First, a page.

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The Persisting Spectre of Cultural Decline

Historiographical Approaches to Muslim Scholarship in the Early Modern Maghreb

In: Journal of the Economic and Social History of the Orient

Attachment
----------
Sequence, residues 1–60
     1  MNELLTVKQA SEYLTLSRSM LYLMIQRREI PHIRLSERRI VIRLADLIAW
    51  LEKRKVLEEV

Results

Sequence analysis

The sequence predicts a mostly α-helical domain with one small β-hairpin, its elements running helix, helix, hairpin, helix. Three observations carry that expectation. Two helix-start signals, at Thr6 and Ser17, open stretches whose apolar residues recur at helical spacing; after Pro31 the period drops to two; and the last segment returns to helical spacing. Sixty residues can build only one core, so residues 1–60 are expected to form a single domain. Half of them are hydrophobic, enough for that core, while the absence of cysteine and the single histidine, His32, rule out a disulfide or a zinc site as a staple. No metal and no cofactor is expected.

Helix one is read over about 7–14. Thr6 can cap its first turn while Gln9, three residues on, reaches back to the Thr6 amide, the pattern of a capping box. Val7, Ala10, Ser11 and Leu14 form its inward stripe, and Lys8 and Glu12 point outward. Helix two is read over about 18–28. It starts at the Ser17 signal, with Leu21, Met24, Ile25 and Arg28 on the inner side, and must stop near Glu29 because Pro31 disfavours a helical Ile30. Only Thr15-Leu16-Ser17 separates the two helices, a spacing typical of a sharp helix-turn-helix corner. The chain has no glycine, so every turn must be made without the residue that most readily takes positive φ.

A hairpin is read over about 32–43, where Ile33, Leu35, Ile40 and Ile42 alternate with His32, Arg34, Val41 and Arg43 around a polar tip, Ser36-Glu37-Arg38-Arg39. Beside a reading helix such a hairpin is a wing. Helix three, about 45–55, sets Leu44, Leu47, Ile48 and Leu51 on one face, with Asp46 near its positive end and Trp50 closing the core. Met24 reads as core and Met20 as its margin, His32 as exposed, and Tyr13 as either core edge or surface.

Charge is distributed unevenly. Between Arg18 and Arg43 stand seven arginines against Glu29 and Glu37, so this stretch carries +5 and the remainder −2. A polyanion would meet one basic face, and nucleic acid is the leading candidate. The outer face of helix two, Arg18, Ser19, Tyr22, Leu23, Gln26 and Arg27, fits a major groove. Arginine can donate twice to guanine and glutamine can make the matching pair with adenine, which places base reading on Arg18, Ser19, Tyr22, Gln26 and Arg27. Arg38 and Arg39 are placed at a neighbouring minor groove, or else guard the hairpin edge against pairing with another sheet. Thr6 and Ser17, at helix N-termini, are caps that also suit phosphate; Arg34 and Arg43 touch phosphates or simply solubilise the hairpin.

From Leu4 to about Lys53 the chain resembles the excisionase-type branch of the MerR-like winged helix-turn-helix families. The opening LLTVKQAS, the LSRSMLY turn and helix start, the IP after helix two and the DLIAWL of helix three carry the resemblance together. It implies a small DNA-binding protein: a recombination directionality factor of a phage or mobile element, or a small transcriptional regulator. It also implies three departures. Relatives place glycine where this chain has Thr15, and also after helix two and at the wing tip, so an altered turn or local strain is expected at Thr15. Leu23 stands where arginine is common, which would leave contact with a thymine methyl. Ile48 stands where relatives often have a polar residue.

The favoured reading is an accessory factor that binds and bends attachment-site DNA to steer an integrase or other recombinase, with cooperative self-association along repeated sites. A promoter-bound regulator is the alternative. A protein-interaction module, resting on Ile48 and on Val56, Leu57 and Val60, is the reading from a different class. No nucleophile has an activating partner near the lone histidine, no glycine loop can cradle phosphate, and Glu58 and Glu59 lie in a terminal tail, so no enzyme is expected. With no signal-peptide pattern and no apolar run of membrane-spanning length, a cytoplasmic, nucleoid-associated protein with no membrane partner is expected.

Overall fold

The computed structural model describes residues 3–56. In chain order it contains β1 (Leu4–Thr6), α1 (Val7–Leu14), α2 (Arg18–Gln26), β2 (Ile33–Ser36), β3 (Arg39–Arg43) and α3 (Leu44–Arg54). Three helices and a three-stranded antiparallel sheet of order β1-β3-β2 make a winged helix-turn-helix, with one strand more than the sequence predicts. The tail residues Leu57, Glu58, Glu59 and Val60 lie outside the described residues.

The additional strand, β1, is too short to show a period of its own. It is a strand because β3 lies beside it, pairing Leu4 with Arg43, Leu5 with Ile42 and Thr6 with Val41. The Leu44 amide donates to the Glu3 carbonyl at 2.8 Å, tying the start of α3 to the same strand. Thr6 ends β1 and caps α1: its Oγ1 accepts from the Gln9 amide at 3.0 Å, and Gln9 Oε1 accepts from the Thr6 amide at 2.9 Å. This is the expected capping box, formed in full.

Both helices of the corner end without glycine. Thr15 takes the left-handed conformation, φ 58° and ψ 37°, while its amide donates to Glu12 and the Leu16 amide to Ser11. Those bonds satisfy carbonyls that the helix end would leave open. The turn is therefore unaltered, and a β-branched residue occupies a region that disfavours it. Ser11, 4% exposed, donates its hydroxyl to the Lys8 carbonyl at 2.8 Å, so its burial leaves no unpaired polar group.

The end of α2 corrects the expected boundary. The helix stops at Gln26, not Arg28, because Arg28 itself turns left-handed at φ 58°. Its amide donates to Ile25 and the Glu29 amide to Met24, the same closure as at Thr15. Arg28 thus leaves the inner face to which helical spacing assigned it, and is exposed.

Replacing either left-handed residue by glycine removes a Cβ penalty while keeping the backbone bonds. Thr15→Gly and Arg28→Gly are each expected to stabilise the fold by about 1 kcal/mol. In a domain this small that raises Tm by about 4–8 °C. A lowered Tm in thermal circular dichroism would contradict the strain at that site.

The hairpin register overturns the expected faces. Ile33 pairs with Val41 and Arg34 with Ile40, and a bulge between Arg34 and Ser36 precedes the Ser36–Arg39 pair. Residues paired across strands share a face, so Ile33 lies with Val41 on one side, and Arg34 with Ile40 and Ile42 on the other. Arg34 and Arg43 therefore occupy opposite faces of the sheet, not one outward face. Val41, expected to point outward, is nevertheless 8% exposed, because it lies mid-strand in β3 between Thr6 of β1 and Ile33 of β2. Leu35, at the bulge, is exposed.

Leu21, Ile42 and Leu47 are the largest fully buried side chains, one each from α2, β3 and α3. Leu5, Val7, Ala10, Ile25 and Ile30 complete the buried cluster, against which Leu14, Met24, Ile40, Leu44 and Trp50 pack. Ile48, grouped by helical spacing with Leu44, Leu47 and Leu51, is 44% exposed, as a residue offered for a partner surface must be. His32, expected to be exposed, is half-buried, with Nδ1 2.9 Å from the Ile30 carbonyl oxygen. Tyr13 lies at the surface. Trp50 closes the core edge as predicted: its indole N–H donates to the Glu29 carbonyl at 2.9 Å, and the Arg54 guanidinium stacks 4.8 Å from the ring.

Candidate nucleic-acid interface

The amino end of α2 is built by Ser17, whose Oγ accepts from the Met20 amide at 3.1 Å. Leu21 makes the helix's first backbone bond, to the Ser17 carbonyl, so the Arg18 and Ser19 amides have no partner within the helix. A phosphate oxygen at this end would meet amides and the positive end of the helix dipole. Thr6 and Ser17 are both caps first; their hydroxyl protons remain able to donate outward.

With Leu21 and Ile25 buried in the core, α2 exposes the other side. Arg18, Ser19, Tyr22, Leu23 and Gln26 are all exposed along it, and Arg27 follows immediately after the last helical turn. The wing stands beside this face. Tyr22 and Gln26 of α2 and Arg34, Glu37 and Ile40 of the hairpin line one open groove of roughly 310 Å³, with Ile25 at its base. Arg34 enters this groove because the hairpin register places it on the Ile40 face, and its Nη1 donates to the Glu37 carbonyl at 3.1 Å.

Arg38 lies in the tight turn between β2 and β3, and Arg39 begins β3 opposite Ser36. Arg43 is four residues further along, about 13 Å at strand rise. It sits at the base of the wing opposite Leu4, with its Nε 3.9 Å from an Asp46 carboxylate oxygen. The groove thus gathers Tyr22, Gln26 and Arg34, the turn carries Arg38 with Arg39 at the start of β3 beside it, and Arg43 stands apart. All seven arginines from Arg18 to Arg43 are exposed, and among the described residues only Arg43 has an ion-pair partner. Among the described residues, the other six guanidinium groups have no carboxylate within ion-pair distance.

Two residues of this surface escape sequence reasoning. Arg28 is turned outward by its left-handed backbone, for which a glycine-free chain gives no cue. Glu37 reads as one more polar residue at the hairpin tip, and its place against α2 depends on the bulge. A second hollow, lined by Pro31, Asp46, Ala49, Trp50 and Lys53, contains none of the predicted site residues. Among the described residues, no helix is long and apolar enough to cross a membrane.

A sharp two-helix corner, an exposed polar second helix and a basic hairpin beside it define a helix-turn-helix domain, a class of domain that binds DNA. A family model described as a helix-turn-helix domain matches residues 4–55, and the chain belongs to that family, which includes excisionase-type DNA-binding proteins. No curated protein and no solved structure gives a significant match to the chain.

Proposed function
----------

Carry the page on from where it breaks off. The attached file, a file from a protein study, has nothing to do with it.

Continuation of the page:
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This article examines how historiography has interpreted the development of Muslim scholarship in early modern North Africa. It focuses on the continuing influence of what I call the “decline narrative” on both national historiographies and Western specialist studies. Elaborated in the context of French colonialism and consecrated by nationalist-cum-reformist discourses, the denunciation of the centuries preceding colonial conquest as an epoch of decadence has hardly been challenged. Beginning with the French historian and sociologist Jacques Berque (1910-95), however, there was a vivid interest amongst social scientists in early modern Islamic culture. The main part of the paper will be dedicated to a methodological analysis of some of these works, and, in the concluding section, I will discuss the degree to which the study of the diffusion of Islamic literacy in rural areas may serve as a starting point for a renewed approach to Islamic literature and its social foundations.

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